Friday, April 13, 2012

3364.txt

cc: "Ogden Annie Ms (MAC)" <A.OgdenatXYZxyz.ac.uk>
date: Tue, 4 Aug 2009 10:39:03 +0100
from: "Palmer Dave Mr (LIB)" <David.PalmeratXYZxyz.ac.uk>
subject: EIR requests for CRUTEM data - Additional exception?
to: "Jones Philip Prof (ENV)" <P.JonesatXYZxyz.ac.uk>, "Colam-French Jonathan Mr (ISD)" <s119atXYZxyz.ac.uk>, "Mcgarvie Michael Mr (ACAD)" <k364atXYZxyz.ac.uk>

Folks,

I am working on draft responses to the array of requests and will provide copies in the
near future for your review.

I have noted that one of the grounds that the Met Office used to reject a request for the
data provided to them by Phil was Regulation 12(5)(a), adverse effect on international
relations. Their reasoning is as follows:

Consideration of Exception Regulation 12 (5) (a)
Much of the requested data comes from individual Scientists and Institutions from several
countries. The Met Office received the data information from Professor Jones at the
University of East Anglia on the strict understanding by the data providers that this
station data must not be publicly released. If any of this information were released,
scientists could be reluctant to share information and participate in scientific projects
with the public sector organisations based in the UK in future. It would also damage the
trust that scientists have in those scientists who happen to be employed in the public
sector and could show the Met Office ignored the confidentiality in which the data
information was provided.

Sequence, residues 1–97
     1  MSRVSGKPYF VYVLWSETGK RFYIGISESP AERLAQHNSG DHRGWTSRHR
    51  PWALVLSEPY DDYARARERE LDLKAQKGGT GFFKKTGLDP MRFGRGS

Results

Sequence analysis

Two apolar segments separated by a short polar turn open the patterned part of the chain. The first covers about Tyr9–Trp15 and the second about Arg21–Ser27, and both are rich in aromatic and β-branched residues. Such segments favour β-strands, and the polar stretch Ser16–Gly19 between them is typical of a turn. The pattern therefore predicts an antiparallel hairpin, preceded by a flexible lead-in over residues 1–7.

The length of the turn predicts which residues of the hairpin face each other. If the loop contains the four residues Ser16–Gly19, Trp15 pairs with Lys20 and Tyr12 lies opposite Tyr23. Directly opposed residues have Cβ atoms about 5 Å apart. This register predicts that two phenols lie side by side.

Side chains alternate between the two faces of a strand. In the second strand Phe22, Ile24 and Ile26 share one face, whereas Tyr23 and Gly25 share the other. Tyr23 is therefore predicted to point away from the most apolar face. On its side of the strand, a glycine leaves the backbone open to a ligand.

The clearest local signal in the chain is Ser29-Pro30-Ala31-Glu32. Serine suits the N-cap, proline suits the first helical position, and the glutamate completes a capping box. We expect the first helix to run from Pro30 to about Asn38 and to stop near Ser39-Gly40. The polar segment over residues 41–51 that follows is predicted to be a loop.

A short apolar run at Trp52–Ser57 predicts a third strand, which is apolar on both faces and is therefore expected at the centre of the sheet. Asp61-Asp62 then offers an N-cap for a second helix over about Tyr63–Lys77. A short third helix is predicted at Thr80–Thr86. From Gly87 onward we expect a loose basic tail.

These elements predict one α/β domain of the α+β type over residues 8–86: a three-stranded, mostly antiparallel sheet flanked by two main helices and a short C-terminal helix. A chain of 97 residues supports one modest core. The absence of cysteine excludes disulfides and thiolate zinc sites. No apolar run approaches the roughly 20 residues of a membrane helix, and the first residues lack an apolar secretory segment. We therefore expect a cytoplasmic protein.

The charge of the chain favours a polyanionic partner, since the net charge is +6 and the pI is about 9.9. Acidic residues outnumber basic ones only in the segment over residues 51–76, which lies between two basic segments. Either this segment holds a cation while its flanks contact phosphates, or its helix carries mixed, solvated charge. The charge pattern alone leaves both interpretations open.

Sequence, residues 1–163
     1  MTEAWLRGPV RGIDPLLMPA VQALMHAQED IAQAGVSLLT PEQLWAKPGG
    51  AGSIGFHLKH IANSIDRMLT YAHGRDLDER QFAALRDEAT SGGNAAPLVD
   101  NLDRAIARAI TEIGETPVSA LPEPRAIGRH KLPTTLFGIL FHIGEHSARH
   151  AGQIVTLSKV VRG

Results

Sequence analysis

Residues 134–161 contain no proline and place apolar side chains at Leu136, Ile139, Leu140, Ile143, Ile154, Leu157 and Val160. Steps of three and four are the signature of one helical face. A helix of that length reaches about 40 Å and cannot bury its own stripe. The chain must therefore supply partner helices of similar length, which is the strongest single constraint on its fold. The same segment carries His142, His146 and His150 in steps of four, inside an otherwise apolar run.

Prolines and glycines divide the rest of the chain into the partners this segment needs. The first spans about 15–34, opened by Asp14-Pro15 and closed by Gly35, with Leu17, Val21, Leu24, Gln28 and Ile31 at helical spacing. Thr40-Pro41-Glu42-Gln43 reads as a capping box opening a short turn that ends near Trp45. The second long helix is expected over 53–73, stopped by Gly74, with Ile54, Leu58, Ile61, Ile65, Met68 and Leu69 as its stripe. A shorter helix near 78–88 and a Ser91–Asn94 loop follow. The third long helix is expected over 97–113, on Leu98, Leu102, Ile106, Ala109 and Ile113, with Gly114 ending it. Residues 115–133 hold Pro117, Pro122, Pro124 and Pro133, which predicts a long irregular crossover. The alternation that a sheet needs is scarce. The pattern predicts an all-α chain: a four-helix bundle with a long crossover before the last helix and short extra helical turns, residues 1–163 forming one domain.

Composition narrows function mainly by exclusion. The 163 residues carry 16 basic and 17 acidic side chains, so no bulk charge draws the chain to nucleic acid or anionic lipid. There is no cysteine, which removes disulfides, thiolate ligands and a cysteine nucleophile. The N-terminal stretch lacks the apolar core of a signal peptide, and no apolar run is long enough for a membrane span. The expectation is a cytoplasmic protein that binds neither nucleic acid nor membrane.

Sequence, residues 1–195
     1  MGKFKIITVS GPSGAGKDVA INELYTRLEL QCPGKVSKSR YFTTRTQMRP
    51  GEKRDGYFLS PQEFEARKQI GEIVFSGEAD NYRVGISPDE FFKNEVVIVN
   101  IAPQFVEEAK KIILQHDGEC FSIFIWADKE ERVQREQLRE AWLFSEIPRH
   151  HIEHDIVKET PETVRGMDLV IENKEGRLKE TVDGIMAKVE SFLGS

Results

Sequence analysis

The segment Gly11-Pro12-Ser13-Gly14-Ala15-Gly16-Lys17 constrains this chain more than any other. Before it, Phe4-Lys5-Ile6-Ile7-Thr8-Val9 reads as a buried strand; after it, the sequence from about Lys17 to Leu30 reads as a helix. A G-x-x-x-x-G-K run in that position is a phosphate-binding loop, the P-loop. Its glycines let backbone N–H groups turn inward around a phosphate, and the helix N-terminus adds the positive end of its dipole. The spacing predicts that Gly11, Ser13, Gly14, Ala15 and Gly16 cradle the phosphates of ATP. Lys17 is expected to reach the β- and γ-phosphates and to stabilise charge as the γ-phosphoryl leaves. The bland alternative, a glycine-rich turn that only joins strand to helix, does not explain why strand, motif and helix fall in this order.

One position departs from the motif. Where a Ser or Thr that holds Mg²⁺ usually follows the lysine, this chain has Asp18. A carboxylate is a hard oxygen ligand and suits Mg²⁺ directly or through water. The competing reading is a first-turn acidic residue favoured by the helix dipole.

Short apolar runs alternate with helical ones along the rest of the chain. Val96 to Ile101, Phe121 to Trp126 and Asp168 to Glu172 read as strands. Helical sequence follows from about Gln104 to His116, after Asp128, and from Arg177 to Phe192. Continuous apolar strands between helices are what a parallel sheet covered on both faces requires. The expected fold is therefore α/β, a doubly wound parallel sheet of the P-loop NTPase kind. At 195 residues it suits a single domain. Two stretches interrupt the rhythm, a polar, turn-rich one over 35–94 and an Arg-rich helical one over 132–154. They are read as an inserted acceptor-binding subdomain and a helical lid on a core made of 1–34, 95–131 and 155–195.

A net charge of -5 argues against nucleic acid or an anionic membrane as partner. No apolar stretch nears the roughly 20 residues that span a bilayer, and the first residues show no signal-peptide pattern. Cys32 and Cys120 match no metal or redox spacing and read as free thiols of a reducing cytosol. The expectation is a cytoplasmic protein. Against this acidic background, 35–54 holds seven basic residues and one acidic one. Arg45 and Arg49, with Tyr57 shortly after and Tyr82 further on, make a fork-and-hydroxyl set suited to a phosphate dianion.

We considered that if the public have information on environmental matters, they could hope
to influence decisions from a position of knowledge rather than speculation. However, the
effective conduct of international relations depends upon maintaining trust and confidence
between states and international organisations. This relationship of trust allows for the
free and frank exchange of information on the understanding that it will be treated in
confidence. If the United Kingdom does not respect such confidences, its ability to protect
and promote United Kingdom interests through international relations may be hampered.
Competitors/ Collaborators could be damaged by the release of information which was given
to us in confidence and this will detrimentally affect the ability of the Met Office (UK)
to co-operate with meteorological organisations and governments of other countries. This
could also provoke a negative reaction from scientist globally if their information which
they have requested remains private is disclosed.

I wonder if it would be wise for us to cite the same exception under EIR in order to both
bolster the Met Office case and our own in regards requests for either all the data CRU
has, or for the subset that he provided to Georgia Tech? This also provides a route to
raise the argument regarding academic freedom and the need for academics to be able to
conduct discussions and the need to share information in order to do so.

I am not sure whether the ICO will see any merit in this argument but I doubt they would
consider it if we don't raise it.....

Cheers, Dave

____________________________

David Palmer

Information Policy & Compliance Manager

University of East Anglia

Norwich, England

NR4 7TJ

Information Services
Tel: +44 (0)1603 593523
Fax: +44 (0)1603 591010

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